I can trace my professional academic trajectory to my adolescence when I began to notice the separation of my peer group into different academic tracks in middle school. I pondered why most of my black friends, who were just as smart as I was, were placed into lower level classes. Without intervention from my parents, who were both public school teachers in Philadelphia, I would have been placed into those same lower level classes. It was not until I became a teacher years later, first in Philadelphia and then St. Paul, that I started to grasp the societal function of those segregated classroom structures, and their vital role in maintaining the raced and classed social hierarchy of the locales I inhabited. As a youth, I began to hone an acute interest in Africana Studies. Pulling books from my parents’ shelves, I read Baldwin, Angelou, Carmichael (Ture), and Malcolm X. The mentors from my community fed this interest by giving me more material, such as old records, magazines from the 1960s and 70s, and more books. My passion was fueled by the burgeoning cultural formation of Hip-Hop, which provided a soundtrack to this self-discovery. Oddly, none of this intellectual stimulation was happening in school. School was mostly boring except for the social aspect, yet doing the work was easier than hearing lectures from my parents. So I “succeeded,” despite the irrelevance.
As a young teacher I wondered why school had to be this way. Seeing my black students simply survive through the school day with no intellectual stimulation, save for a lyrical battle in the cafeteria, was too familiar and draining. I saw my former self and my former friends occupying those desks. I wondered why many of these youth did not make the decision that I made and were more content to hear the lectures and threats from teachers and parents rather than just doing the irrelevant work. I could only exist in this state of wonderment for a short period of time until I demanded myself to do something—anything I could—in whatever small capacity I had as a young math teacher. These aspects of my experience as an adolescent and a young teacher set the stage for my vocation as an engaged-academic, and have provided the fodder for my research, teaching, and service, which have merged into a singular practice, often impossible to separate.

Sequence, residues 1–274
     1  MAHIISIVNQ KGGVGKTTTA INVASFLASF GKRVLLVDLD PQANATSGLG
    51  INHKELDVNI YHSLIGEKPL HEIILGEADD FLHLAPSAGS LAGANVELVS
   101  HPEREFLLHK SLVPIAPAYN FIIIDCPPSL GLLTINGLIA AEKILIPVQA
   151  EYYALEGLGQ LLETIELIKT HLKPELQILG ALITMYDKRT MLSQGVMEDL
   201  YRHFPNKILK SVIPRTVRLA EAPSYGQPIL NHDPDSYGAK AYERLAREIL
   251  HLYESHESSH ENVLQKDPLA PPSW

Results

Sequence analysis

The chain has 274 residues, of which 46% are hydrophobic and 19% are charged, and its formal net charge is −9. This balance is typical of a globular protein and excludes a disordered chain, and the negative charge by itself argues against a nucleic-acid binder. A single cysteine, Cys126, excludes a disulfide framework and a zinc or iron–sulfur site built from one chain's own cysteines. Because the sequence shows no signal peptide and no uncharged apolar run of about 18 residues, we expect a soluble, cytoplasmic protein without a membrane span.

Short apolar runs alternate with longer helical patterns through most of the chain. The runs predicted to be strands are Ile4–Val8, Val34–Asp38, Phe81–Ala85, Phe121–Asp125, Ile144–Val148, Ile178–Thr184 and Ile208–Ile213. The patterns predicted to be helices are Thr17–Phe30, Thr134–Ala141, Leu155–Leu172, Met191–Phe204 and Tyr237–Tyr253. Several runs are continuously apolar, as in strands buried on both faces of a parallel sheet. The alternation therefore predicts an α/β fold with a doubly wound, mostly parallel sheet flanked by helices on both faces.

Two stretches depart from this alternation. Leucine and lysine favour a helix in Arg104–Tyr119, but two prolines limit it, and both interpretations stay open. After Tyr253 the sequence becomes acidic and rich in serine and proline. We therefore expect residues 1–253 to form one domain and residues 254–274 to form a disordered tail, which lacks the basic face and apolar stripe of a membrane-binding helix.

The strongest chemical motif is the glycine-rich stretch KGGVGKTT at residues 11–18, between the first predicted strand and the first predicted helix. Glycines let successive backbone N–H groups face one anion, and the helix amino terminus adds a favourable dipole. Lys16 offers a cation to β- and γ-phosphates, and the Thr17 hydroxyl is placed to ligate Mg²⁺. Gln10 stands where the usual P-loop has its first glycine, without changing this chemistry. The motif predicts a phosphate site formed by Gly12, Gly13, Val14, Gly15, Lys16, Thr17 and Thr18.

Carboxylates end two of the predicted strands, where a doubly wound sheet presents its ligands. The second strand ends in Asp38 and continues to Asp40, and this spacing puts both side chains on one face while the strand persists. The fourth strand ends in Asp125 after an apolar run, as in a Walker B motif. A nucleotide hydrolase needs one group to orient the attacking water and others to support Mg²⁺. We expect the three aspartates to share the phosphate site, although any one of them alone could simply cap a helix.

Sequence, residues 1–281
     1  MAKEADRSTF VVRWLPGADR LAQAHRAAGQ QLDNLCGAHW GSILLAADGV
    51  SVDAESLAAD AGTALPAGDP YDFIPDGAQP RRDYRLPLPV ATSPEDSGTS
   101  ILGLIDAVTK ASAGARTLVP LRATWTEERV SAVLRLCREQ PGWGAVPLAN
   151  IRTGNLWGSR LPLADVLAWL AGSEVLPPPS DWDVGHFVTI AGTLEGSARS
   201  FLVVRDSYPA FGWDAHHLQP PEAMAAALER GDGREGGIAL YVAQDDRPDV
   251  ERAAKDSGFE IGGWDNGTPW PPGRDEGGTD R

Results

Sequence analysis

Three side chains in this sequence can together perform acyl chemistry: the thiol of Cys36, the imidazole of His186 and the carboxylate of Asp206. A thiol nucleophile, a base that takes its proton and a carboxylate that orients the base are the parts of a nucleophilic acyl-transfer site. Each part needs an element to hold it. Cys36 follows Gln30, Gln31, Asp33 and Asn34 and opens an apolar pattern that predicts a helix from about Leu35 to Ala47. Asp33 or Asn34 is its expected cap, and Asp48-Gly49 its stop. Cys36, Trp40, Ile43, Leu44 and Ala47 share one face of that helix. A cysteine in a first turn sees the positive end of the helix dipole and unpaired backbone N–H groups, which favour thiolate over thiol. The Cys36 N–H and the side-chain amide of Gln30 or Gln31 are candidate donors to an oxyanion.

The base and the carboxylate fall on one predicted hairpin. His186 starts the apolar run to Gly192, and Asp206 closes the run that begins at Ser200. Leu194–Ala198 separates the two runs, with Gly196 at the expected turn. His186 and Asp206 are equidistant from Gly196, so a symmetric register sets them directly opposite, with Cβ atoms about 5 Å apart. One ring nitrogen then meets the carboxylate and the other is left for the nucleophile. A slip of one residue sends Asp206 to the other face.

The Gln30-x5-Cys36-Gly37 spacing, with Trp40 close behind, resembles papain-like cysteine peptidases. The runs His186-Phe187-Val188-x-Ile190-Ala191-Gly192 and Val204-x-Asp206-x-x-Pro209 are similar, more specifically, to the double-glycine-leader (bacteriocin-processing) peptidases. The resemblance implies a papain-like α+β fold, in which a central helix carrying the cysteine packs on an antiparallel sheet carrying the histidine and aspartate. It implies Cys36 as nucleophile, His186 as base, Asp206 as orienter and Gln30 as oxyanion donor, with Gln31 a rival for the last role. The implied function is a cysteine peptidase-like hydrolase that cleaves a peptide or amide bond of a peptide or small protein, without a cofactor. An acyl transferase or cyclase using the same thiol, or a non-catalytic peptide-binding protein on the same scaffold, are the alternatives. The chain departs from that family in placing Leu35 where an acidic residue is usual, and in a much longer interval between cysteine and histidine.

When I consider the scope of my work, I boil it down to a broad question that escaped me as a young teacher: “How can we (educators, youth, and families) create educational environments that draw from the intellectual lives of black youth and families? An immediate follow-up question is, “What are the implications if we don’t?” All of my research and writing have either dealt with the potential or practice of creating these spaces and the epistemological shifts in understanding research and education that are necessary to do so, or understanding the nuances and empirical experiences of black youth when we typically fail to do so.
Answering these questions requires unpacking what seems like a never-ending series of presuppositions that establish the kernel of my scholarship. Thus, my work from pre-dissertation to now, across theory and methodology, explores how we make meaning of the out-of-school intellectual lives of African diasporic youth and families in the U.S., specifically connected to cultural practices honed through lived experiences as subjects of settler coloniality. As my work becomes increasingly historical, I find it necessary to understand the historical and current implications of the paradox of the U.S. as both a project in European settler colonization and Western-style democracy. Afrodiasporic populations in the U.S.—descendants of enslaved Africans and recent immigrants—are faced with grappling with these dichotomous realities, and the project of mass education historically has not been immune to these wider realities as schools have been a continual site of black suffering, and yet remain one of the most palpable mechanisms to fulfill the multiple desires of black communities for self-determination and liberation.
My recent scholarship illuminates how heritage study as a literacy practice can impact the cultural practices of African diasporic youth. I also explore at how schooling, as a mechanism for the continuance of colonial subjectivity, functions to keep black youth from questioning their role in a social hierarchy. Within this, I explore the functions of teachers and the complicity of teacher education programs toward this end. Finally, my work seeks to understand educational environments that challenge and disrupt these colonial structures by drawing knowledge and practices from decolonized community spaces and transferring these practices into youth agency through inquiry and action-based research as a teaching and learning model.